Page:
“Let’s build our own church!” ‘3 weeks later when the building is finished …’

“Remember what we started this for 10 years ago?” ‘Flashback to 10 years earlier …’

“Then who could have eaten the apple pie?” “Flashback to an hour earlier.”

In short: play it out instead of talking about it!

Improvisational Theater Tip 10: Never negotiate in a scene – make the decision

A negotiation is not a representation. That does not belong to theater sports. If you ever find yourself in a situation where for one reason or another a negotiation has started between characters, make the negotiations very unreasonable and never agree. If necessary, use the tip: ‘action, color, emotion’ from a few paragraphs back to work on this.

Action is preferable to unnecessary idle time for too long. Do you notice that your fellow players spend just too long on a doubt or reflection situation? Feel free to make an ‘edit’: ‘5 minutes / 3 years later when Harry has decided to trust the Orc.’

Don’t think too long about a dilemma: CHOOSE!

Improvisation theater tip 11: There is unlimited budget for special fx – Stimulate your imagination with science fiction series

In improvisational theater you have an infinite budget for special effects. So it would be very valuable if you could actually make use of this infinite special effects budget in an inventive way during a scene.

Imaginative series such as Adventure Time, Stranger Things, Rick & Morty and Futurama are good examples of limitless fantasy. This way you can easily come up with tools that you improvise to overcome an obstacle.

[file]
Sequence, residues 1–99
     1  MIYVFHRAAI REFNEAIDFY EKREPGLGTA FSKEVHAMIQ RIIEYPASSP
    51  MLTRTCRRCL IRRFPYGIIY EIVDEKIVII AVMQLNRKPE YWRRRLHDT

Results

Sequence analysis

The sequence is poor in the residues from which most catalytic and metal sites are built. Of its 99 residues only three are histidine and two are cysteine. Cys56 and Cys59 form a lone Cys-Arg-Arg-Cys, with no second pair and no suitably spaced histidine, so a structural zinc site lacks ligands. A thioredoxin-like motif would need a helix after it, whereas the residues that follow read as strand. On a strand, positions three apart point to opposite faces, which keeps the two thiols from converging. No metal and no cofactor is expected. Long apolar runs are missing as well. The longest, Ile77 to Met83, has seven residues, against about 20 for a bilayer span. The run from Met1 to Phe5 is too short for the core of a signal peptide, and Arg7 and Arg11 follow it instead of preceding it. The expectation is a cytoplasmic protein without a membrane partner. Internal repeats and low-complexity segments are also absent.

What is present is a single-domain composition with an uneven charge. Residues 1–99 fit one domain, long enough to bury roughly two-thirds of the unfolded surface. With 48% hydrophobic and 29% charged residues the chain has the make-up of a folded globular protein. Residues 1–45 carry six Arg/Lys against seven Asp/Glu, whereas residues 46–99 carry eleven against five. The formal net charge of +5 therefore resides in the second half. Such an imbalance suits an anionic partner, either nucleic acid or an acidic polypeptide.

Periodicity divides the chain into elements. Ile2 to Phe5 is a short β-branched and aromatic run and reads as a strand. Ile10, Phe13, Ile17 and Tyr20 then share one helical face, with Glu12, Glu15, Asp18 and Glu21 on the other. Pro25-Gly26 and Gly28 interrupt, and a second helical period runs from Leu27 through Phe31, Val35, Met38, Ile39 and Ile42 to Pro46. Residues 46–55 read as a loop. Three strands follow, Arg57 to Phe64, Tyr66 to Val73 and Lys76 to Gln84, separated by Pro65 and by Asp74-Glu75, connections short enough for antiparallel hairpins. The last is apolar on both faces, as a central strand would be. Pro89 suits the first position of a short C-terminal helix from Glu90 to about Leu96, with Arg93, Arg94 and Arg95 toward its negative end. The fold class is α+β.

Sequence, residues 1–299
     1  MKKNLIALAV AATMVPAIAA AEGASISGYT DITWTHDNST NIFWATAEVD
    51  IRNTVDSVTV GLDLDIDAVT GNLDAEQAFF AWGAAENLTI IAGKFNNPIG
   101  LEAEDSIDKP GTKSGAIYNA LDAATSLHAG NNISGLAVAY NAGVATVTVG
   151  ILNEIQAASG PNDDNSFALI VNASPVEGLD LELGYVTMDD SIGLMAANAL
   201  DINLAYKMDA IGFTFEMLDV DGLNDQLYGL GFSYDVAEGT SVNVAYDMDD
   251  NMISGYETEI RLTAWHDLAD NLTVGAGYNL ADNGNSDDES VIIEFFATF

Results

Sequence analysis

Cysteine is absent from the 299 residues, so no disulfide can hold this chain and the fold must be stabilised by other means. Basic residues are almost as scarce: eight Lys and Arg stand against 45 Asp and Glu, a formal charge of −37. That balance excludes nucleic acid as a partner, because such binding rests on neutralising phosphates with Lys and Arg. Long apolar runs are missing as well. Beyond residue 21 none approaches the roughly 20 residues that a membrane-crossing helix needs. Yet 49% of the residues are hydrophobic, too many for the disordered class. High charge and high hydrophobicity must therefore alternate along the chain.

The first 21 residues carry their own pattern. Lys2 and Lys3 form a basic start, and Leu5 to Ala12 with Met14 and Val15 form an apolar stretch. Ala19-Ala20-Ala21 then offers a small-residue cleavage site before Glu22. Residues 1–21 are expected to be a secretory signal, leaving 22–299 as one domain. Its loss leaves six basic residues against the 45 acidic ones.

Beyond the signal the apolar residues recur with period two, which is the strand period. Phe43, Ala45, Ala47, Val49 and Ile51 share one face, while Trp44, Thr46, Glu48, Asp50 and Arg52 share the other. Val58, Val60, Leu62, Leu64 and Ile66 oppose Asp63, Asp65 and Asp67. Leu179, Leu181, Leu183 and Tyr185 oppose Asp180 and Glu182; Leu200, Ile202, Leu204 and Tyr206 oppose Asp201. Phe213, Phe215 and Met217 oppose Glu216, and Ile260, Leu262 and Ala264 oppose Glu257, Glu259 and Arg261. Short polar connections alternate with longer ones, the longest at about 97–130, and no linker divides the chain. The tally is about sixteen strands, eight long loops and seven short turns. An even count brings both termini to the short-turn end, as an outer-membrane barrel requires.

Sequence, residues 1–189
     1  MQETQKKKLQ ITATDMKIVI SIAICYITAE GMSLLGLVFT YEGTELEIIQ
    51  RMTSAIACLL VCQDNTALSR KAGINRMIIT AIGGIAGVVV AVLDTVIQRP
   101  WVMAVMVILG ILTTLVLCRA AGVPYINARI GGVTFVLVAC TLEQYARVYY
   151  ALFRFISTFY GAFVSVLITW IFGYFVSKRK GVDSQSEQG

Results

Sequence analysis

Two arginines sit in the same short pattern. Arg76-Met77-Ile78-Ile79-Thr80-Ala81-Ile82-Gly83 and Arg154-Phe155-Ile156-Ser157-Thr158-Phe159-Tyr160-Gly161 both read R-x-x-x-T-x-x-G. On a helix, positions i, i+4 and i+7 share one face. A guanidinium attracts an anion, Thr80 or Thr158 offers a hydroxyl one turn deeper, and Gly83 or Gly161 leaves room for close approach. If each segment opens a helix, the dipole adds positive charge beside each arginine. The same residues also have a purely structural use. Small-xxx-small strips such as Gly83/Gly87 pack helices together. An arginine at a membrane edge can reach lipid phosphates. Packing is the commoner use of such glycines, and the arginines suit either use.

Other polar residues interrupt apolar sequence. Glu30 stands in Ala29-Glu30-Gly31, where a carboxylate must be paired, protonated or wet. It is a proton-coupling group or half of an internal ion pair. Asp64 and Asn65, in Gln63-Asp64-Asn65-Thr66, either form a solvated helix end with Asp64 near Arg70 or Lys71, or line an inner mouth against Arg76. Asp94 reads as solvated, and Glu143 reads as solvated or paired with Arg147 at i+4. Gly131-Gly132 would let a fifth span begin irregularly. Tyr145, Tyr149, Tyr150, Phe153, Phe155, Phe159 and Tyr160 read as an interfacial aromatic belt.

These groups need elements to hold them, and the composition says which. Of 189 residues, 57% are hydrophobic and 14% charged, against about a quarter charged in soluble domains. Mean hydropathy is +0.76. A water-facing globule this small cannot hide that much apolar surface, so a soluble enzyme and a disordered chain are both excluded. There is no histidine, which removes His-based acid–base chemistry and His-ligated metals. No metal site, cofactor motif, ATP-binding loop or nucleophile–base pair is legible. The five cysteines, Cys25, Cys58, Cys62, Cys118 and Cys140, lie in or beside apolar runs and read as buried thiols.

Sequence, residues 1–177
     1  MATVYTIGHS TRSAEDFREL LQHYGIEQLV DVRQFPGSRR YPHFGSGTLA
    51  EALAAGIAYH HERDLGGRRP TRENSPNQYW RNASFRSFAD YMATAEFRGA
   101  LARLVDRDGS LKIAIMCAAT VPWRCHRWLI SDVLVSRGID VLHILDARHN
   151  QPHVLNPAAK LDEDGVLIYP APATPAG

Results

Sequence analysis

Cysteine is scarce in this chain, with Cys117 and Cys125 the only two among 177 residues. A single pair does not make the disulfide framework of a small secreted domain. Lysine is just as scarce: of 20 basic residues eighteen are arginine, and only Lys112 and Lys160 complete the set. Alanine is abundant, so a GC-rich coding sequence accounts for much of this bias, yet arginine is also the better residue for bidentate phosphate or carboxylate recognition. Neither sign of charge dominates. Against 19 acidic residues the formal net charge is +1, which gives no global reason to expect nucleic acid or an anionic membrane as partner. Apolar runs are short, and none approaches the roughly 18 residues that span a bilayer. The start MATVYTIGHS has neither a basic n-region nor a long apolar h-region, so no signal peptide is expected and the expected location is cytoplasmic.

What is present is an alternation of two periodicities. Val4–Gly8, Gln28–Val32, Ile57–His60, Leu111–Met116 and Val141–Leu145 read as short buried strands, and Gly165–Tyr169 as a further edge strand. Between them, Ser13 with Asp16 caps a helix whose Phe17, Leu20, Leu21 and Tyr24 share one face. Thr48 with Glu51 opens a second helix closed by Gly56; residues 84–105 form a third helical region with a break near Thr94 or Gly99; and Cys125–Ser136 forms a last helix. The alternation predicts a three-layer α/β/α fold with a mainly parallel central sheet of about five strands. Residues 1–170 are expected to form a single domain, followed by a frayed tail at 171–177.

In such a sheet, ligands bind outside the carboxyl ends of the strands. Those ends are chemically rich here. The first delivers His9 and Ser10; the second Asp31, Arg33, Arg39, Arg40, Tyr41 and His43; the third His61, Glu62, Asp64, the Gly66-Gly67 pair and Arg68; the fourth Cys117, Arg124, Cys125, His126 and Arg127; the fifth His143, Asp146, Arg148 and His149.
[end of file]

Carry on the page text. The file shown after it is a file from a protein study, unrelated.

I hired a Russian hacker to find your address!

Improvisational theater tip 12: Create drama (important goal + obstacles = drama)

How do you create drama? Use the following formula: a clear, important goal + (several) obstacles = drama . So show in a scene what the purpose of the characters is and what obstacles there are.

Thinking up an obstacle can be as simple as a tire that goes flat or an emerging conflict between two people. Often the obstacle arises almost automatically when the ‘who, what, where’ of a scene is clear. More about that later in another tip.

The obstacle can really be anything: be creative. For example, a dictator of the country has banned dancing, preventing the protagonist from fulfilling his dance dream.

Then you exaggerate the importance of the goal. For example, a patient comes to the doctor for help and says, “I’ve already tried everything, you are my last hope !!” So there must be a lot at stake. What was his greatest wish? What did he want so badly? What is his dream?

Let the situation escalate completely.

Always make it bigger, more emotional, more important and worse. ‘Will I get enough to eat later? Will I soon have to go into prostitution? ‘ “There is 10 million to be gained and 10 million to lose.”

The TV series South Park owes its 20-year success to its strong, interesting storylines. The makers of South Park call their variation on this principle: The But / Therefore Technique.

Simple example: the princess needs to be rescued … but  there are dragons … so  the hero has to undergo ninja training … but  during the fight with the dragons the dragons turn out to be much stronger …  so  help comes from a previous character …

So avoid an and-after construction. If your story goes like this, you are screwed as a storyteller: Piet takes a ninja training, and then he meets dragons, and then he saves the princess …